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2014 Marked by Array of New Cyber Threats, Cisco Report Says
By Stew Magnuson
 


A mid-year report on the state of cyber security warns of new, insidious ways hackers are gaining access to corporate and private computers.
 
The Cisco 2014 Midyear Security Report
said of the 16 multinational corporations surveyed, some 90 percent of their computer systems were reaching out to corrupted IP hosts on the Internet.
 
Levi Gundert, senior expert on Cisco’s threat research, analysis and communications team, said there were 1,633 software  vulnerabilities discovered in the first half of the year with 28 of them being actively exploited.
 
The pharmaceutical and chemical industries saw the biggest increase in activity, with publishing and media following. Both nation-state actors, as well as criminals, are behind these attacks, although it isn’t always clear what their motivation may be, he said. The agriculture industry in the Asia-Pacific region also saw an increase in cyber attacks.
 
“We rarely get to see the motivations behind these attacks, but we do see the immense numbers,” he said in an interview prior to the report’s release Aug. 5.
 
“Mal-vertising” is the new buzzword as hackers use popular advertising exchanges to plant malware on unsuspecting users’ computers. Companies such as Google or AdNexus place the ads in slots on popular websites.
 
“Bad guys insert advertisements that do nothing but redirect users to the exploit kit landing site,” he said. “The websites don’t control it. The advertising exchange controls it,” he said. A computer landing on such a site can be infected with malware without the user clicking on the ad, he said.

The Senate Homeland Security and Governmental Affairs permanent subcommittee on investigations released a lengthy report about mal-vertising in May. Gundert said the major news organizations didn’t report much about it.
 
“These websites may be reluctant to report on this because it makes them look bad. And it’s nothing they can control other than severing their relationship with the advertising exchanges,” he said.
 
Just as an advertiser can target a specific demographic, hackers using mal-vertising can do the same.
 
“They will pay up front for the advertising, perhaps $2,000 or more per ad run, and instruct the companies to tell the ad exchanges to serve the ads as quickly as possible, leaving little time or no time for the ad content to be inspected,” the report said. Tracing the source later is next to impossible because the ad has vanished, it added.
 
Java continues to be the software favored by those searching for vulnerabilities, he said, with 93 percent of web exploits using it. Just updating Java isn’t always possible for companies, some of which base their enterprise applications on the software. Doing so could “break” their applications, he said.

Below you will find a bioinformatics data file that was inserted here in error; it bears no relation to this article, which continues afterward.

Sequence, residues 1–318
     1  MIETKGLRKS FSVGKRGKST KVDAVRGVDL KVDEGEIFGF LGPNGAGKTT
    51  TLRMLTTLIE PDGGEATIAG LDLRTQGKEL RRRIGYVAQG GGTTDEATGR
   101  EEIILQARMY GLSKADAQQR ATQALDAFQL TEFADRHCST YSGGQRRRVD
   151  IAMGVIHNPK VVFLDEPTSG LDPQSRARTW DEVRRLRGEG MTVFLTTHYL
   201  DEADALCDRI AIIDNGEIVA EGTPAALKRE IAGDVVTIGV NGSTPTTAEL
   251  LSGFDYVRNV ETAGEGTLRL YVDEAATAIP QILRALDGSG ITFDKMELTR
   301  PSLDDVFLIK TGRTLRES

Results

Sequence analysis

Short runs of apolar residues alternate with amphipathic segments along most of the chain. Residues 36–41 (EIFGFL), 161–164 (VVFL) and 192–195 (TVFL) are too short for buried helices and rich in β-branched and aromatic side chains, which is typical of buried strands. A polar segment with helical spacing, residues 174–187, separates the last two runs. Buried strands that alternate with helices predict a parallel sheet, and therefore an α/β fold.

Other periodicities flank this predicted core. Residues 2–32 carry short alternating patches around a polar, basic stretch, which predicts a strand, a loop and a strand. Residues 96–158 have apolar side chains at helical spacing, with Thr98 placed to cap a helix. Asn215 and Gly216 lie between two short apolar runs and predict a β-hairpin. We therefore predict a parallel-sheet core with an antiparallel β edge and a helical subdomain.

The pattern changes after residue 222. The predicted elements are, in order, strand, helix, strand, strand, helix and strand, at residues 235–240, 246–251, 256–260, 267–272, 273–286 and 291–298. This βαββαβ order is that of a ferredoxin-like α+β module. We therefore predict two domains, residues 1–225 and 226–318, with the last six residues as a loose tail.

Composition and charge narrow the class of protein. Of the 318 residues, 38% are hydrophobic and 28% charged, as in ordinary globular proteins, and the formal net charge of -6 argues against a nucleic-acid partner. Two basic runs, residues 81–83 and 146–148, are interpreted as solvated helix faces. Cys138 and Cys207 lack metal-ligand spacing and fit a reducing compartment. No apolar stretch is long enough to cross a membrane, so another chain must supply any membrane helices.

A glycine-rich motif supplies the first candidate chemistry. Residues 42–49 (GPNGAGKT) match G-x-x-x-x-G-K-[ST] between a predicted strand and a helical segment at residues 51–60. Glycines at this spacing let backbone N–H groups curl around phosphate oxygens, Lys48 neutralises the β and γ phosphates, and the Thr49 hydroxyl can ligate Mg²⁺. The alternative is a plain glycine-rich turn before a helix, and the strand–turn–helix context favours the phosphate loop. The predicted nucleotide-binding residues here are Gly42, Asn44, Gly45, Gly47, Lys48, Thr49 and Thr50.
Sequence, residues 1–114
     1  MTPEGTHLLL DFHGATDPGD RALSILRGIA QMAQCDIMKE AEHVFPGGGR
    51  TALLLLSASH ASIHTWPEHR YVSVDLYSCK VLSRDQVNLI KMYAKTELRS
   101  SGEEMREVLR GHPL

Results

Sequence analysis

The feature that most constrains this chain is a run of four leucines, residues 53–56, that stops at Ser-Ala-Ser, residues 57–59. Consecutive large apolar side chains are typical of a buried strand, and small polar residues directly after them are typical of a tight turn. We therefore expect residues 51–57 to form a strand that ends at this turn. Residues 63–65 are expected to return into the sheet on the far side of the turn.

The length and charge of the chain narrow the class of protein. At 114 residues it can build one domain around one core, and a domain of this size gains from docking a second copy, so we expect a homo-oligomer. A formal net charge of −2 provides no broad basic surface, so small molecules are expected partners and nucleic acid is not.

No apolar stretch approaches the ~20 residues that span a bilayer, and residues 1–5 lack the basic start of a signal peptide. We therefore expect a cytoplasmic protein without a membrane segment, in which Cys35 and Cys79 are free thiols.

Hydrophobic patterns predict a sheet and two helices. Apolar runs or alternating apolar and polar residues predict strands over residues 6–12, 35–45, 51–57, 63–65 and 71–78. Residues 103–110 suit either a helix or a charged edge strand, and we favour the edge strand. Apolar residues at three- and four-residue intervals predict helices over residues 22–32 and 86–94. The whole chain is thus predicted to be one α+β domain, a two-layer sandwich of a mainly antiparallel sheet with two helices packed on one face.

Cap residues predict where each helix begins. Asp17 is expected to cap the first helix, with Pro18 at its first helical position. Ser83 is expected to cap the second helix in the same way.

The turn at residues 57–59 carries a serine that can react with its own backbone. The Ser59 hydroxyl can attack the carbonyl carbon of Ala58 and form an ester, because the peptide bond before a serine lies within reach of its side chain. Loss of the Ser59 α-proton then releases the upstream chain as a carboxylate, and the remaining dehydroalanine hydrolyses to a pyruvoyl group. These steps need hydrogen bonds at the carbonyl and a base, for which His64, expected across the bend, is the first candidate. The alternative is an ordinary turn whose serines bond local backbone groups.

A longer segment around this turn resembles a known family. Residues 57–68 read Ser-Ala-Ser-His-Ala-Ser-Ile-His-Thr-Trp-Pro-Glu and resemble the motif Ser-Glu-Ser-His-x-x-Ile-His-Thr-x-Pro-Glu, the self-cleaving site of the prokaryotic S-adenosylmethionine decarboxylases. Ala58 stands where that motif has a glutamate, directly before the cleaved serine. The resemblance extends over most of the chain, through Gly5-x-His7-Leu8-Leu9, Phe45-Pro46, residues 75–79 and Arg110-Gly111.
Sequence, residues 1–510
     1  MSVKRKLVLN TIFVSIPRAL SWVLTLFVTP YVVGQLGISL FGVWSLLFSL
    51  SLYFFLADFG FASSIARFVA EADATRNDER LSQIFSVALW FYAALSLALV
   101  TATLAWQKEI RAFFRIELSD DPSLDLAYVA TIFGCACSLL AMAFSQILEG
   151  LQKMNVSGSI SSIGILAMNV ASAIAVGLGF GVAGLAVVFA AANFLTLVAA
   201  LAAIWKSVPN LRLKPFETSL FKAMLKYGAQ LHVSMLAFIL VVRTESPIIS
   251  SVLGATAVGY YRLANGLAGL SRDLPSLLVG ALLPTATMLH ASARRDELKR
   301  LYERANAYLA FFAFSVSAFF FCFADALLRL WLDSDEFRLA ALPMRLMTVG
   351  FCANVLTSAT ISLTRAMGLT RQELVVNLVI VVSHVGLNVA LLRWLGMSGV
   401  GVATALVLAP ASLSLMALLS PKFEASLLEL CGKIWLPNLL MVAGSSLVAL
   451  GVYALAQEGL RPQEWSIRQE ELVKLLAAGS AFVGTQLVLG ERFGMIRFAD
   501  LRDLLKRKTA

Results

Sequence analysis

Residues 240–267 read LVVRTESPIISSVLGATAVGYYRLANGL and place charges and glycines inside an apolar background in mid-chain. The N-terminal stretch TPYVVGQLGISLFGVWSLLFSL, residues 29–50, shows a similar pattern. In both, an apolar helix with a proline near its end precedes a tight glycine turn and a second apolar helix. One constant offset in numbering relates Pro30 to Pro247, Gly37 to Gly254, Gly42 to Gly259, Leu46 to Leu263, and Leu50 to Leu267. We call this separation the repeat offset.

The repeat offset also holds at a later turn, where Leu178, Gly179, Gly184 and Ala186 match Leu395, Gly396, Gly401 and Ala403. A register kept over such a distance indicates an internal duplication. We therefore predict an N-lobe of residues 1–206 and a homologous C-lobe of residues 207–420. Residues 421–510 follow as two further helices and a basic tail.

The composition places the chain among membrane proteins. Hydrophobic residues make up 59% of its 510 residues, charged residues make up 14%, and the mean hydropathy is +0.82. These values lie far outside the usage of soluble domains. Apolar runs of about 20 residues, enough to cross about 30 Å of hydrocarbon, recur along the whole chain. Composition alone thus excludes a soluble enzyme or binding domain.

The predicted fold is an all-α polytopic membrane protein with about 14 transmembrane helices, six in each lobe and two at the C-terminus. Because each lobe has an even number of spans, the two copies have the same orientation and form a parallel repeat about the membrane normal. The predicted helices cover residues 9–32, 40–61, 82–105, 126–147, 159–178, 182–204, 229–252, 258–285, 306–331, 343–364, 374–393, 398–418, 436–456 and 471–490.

“In some regards, it’s a little bit tricky to fix that. The bad guys love Java because there are a lot of holes,” Gundert said.

Unfortunately, there are a host of new toolkits that allow almost anyone with criminal intent to break into computers. Exploit kits are software packages hackers can purchase for as little as $1,500. They are designed to be easy to use. All it takes are basic computer skills to create and launch malware. Blackhole was the most popular kit until its creator was arrested last fall.

Sine the arrest, “We have seen an overall decrease in the amount of traffic driven by exploit kits, but we have seen a proliferation of new families that are being branded,” he said.
 
New exploit kit creators are competing with each other on price and customer service. They have turned their enterprises into a “software as a service model.” Users can log into a control panel, see how many computers in which countries they have infected, and which applications are being exploited.
 
As for Chinese hackers, Cisco hasn’t seen any decrease in activity coming from that country, despite protests from the U.S. government and the recent indictments by the Department of Justice of five military officers for allegedly engaging in economic espionage.
 
“We haven’t seen any change or amount of traffic … it continues the way it has,” said Gundert.

Photo Credit: Thinkstock

Comments

Re: 2014 Marked by Array of New Cyber Threats, Cisco Report Says

Have researched this for 3 years now and the answer is Linux. I run Ubuntu the most secure OS for ease of use for the masses. Just type in Google (Ubuntu most secure os) and read. It has been in hacking contest and Apple and Microsoft went down and most of the time Apple fell first. Ubuntu left unscathed.
Z Max at 8/7/2014 12:16 AM

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